You say Vertullo, I say Bonney-Keith Block, Let?s Fix the Whole Thing Up?

You say Vertullo, I say Bonney-Keith Block, Let?s Fix the Whole Thing Up?

On August 31, 2012, Historic Boston submitted an application to the Massachusetts Historical Commission for an allocation of Historic Rehabilitation Tax Credits to help subsidize the comprehensive rehab of the building at 74-84 Fairmount Avenue in Hyde Park. This was the culmination of almost a year?s worth of research and planning, following HBI?s purchase of the building in late September of 2011. Along the way, we uncovered many interesting and unexpected things about the building. More importantly, we learned how assembling this knowledge?both historic and physical?into a coherent story  not only sheds light on community history and guides a historically sensitive rehab, but can become a powerful tool to build a case for critical tax credit support. This is the first in a series of two posts that describes some of what we uncovered, and how this relates to planning for and funding the rehabilitation of this important building.

Part I:  What?s in a name?
Pasquale Vertullo, 1930

Around the office, we refer to 74-84 Fairmount either by its street address or as ?The Vertullo Building,? in honor of Pasquale Vertullo (pictured here) who bought the property in 1932 and from whose daughters?Carmela Vertullo Pearce and Joanne Vertullo Palie?HBI bought the building last year.

The Vertullo family was a good steward of the property, and the fact that they ran family businesses there and lived above the shop since the early 1930s is largely responsible for the building?s survival.  Many of Hyde Park?s early wooden commercial buildings were of the same age and style as this structure, but most were either replaced by masonry structures as the town grew and prospered in the late 19th and early 20th centuries, while others were taken down in the mid 20th century during a wave of demolition and de-densification that took place as the district succumbed to pressures of the larger trend in suburbanizing shopping.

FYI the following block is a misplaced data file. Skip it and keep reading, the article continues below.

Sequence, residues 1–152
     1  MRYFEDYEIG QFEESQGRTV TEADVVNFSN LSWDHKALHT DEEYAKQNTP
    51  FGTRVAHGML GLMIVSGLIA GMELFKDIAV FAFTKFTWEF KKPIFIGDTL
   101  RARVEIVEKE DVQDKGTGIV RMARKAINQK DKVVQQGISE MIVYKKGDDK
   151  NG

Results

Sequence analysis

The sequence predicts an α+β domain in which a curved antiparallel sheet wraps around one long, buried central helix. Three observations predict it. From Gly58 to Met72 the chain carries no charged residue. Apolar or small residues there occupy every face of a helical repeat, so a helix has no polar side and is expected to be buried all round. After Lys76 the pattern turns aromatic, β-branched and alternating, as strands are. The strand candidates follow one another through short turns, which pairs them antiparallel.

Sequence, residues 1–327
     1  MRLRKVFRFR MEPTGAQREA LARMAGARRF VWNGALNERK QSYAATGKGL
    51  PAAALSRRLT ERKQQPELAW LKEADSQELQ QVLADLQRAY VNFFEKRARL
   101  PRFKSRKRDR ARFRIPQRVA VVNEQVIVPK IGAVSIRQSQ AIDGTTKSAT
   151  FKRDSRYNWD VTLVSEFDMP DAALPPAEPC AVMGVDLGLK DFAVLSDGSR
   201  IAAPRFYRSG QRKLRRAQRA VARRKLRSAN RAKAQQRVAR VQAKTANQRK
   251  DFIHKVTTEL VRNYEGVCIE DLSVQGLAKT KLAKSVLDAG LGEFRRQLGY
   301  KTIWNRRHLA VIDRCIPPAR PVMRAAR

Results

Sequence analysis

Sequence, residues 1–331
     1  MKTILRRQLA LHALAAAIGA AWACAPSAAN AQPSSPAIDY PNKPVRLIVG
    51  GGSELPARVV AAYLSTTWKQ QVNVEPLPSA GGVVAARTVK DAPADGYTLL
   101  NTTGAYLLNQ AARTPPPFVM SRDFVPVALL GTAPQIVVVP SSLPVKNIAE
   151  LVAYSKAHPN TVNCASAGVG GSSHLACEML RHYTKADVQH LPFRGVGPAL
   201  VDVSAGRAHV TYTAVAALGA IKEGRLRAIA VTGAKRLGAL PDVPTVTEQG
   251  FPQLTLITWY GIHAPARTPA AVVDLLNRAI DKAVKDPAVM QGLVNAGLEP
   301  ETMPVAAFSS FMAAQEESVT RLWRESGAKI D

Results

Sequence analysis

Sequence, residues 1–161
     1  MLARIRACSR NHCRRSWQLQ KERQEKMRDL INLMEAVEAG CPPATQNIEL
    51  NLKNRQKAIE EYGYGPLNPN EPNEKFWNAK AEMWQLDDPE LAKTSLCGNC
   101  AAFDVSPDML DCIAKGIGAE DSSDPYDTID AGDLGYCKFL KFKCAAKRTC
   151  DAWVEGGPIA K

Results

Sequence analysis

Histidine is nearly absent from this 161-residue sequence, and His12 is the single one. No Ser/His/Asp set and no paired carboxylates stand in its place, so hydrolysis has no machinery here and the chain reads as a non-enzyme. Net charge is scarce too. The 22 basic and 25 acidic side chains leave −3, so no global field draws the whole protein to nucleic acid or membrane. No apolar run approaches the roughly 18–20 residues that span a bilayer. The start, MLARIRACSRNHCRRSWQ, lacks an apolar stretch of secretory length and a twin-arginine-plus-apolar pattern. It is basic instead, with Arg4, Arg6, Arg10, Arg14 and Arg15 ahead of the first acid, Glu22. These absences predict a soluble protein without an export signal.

Carmela Pearce, 2011

When we began research to determine the building?s more formal historic and architectural value, preservation consultant Leslie Donovan of Tremont Preservation Services determined two facts that led to a new name being coined for the building. The first was that in 1867-1868, Hyde Park grocer William A. Bonney bought the land in the center of the block and developed and occupied the earliest part of the structure. Second, in 1882, Louisa Keith purchased land on the corner of Fairmount Avenue and Pierce Street and constructed a new section of the building, seamlessly integrating a portion of it into the Fairmount Avenue fa?ade. So, by the standard convention of naming buildings after owners who originally built or expanded them, Leslie Donovan proposed the building be formally called the ?Bonney-Keith Block,? using the surnames of the two original builders.

While this is the formal name that will appear on all official documents with the Massachusetts Historical Commission and other entities, it is likely that the informal name of the Vertullo Building will persist here at HBI, given our close connection with Carmela Vertullo Pearce (pictured here with a photo of her father, Pasquale), who continues to live in an upper floor apartment.
Next up:  How detective work in historic archives and on the building itself provided clues on restoring its lost architectural character.